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Students Raise Awareness of Environment at Schools and Farm

Students in multiple Bloomfield Hills Schools organized, educated, and inspired others to take care of and celebrate the environment as part of the global Earth Day/Earth Week initiative. There were service learning fundraisers for various community causes, huge events to promote environmental education, and small actions by staff and students to increase understanding of environmental issues.

BHHS Environmental Club Raises Awareness and Funds

The BHHS Environmental Club celebrated not just Earth Day, but a whole Earth Week to raise awareness of different earth-related issues. "We started Earth Week last year with the idea was that every day would have a theme," explained senior Isabella Bonito, president of the BHHS Environmental Club. Bonito continued, "On Melting Monday we focus on the issue of climate change and ask students to give ideas of environmental problems which we have here at BHHS. Trash Tuesday looks at the issue of recycling. Water Wednesday educates people on using less bottled water and understanding water pollution. Threatened Thursday involves endangered species, and Flash Friday gives information on renewable energy." The Club used posters, flyers, news articles on a bulletin board in G Wing along with general announcements to bring the environmental message to the student body.

"It's definitely difficult to engage so many students," said Bonito. "We made a lot of posters for Main Commons with some eye-opening facts and included them in each day's morning announcements."

The group encouraged student participation in various environmental awareness activities. Said Bonito, "Each activity and donation got you a ticket where you could win a gift card as an incentive for people to come up to our table at lunch. On Trash Tuesday we offered a mini-recycling quiz. It was interesting to see people's reactions because I think people didn't realize what you can and can't recycle. On Water Wednesday, we had people show us their reusable water bottle for a ticket." Additionally, the Club took donations and sold environmental-themed laptop stickers to raise money for the Surfrider Foundation that coordinates ocean and coastal cleanups.

On Saturday of Earth Week, many of the Environmental Club's 20 active members went to Detroit's Belle Isle and participated in the annual Spring Clean-Up Day with nearly 1,500 other volunteers.  

The Club's next plan is to see what ideas from the student body can be implemented. Bonito explained, "We will be meeting with Assistant Principal Mr. Reed-Nordwall so that we can address some of the ideas that students have like getting compost bins, adding recycling bins throughout the building, and getting reusable lunch trays."  The Environmental Club meets every other Monday in G219 at 2:45pm and is advised by science teacher Dennis Kwasny.

 

WHMS Eco-Green Club Makes Outdoor Space More Usable

Sixth-grade students in the West Hills Middle School Eco-Green Club noticed that the outdoor classroom space on the school grounds wasn't being used much. Students brainstormed about several environmental areas before focusing on this space. "The Outdoor Classroom came to my mind because the middle school part of the school doesn't have recess so it's a great time to go outside," said Abdelrahman Ahmed.  Ava Moyer concurred, "We have all these different kinds of species outside like milkweed and goldenrod and there are so many species like groundhogs and squirrels that use these plants. If you are sitting outside you can see all these species in the environment, and it's good for the learning process."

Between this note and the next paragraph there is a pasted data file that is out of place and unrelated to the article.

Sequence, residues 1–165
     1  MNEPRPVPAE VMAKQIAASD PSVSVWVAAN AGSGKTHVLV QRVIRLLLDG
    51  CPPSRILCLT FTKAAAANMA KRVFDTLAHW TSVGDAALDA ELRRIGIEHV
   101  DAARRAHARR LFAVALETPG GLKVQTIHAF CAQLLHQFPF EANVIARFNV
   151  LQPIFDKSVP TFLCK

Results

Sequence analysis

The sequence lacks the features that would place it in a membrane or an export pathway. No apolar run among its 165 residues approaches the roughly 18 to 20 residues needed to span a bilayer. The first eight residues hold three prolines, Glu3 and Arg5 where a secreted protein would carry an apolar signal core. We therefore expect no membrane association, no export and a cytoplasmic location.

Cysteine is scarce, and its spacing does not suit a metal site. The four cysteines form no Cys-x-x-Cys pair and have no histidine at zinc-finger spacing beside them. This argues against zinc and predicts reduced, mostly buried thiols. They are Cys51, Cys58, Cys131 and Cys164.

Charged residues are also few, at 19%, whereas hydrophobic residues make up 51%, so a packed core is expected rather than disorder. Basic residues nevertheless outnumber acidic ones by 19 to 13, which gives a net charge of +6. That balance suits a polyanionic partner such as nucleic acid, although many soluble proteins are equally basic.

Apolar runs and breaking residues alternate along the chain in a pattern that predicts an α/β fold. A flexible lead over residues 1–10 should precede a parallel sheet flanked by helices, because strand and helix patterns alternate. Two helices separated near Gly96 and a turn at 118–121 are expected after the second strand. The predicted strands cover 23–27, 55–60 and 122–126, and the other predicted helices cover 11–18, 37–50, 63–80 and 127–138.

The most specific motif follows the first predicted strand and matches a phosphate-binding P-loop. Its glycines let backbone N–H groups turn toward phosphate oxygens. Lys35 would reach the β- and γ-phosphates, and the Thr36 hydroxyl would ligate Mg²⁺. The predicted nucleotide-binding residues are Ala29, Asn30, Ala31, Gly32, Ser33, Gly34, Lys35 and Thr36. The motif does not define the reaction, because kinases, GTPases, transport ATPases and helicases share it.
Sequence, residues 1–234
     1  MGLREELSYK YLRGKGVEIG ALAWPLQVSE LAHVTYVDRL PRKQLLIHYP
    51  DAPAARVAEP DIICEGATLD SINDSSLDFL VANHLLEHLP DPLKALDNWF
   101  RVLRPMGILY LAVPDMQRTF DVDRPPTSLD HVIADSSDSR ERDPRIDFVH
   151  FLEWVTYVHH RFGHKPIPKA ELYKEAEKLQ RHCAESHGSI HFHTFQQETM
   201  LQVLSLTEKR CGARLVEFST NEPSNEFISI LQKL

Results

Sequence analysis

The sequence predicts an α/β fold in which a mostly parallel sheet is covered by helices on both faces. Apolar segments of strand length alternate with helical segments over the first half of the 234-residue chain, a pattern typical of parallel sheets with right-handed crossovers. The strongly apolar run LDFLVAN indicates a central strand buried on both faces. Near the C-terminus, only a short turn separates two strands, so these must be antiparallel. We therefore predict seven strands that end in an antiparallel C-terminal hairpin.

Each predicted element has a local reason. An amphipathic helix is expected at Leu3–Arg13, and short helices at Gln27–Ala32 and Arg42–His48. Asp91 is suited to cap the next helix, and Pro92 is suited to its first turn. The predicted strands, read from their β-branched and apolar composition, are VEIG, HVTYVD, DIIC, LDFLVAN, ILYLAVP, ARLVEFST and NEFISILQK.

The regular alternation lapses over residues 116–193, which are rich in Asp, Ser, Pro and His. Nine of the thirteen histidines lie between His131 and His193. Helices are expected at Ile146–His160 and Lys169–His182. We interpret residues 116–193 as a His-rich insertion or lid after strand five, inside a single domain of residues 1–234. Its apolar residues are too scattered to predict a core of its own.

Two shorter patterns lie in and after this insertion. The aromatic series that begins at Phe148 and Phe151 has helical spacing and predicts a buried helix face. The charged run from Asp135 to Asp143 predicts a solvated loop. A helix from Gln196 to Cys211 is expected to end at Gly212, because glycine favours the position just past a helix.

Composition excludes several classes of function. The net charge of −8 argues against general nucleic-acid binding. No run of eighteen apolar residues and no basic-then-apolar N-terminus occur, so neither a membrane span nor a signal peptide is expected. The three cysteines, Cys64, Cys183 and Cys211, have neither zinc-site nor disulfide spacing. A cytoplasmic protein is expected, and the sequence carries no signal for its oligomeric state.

The students then gathered data to see if their suspicion was correct. "We took a survey and it showed that people used it between zero and one hours," said Ashan Villavarayan. "It also showed that a top reason that people didn't use it was because it was wet." As a result, the students put together buckets with waterproof blankets, clipboards, and dry erase markers to make it easy and efficient for classes to use the space for learning. "We had a lot of themes and ideas," said Moyer, "but then we had to do some money management and find out what we would spend and what we couldn't spend."

West Hills sixth-grade math teacher Holly Quagliotto advises the Club. "The students met with representatives from the National Wildlife Federation--as well as gardening and recycling experts--to learn how the school and club could support the environment native to our community and its species," Quagliotto detailed. "We labeled plants and explained which species they support. We had our outdoor classroom certified by the National Wildlife Federation as a Certified Outdoor Habitat. The Club also participated in recycling and energy saving efforts. Given the efforts of the school, this year West Hills Middle School not only qualified for a Green Schools status, but an Emerald School Status as well." 

"I feel like we really did a good job on improving this," Ritvik Sampath said. "Before, across the years, not many people have really looked at it or stepped in it. I think we've really improved the chance that people are going to use it." Shiva Modgil agreed, "We just tried to make it better, so more people would come out." 

The students also feel that if their classmates get outside, they are more likely to become just as passionate about the environment. "I feel like it is better for the environment because if you go outside and you see that it is ugly, then you feel like you could help and people want to do it more," Atia Samuel emphasized. 

 

Lone Pine Conducts Earth Day Outdoor Symphony and More

Inspired by the movie "August Rush" where the character hears percussive and symphonic sounds in the city noises around him, students at Lone Pine Elementary School took part in a Playground Symphony to celebrate Earth Week. Students, directed by music teacher Kate Philp, used instruments and found materials in an outdoor celebration of music.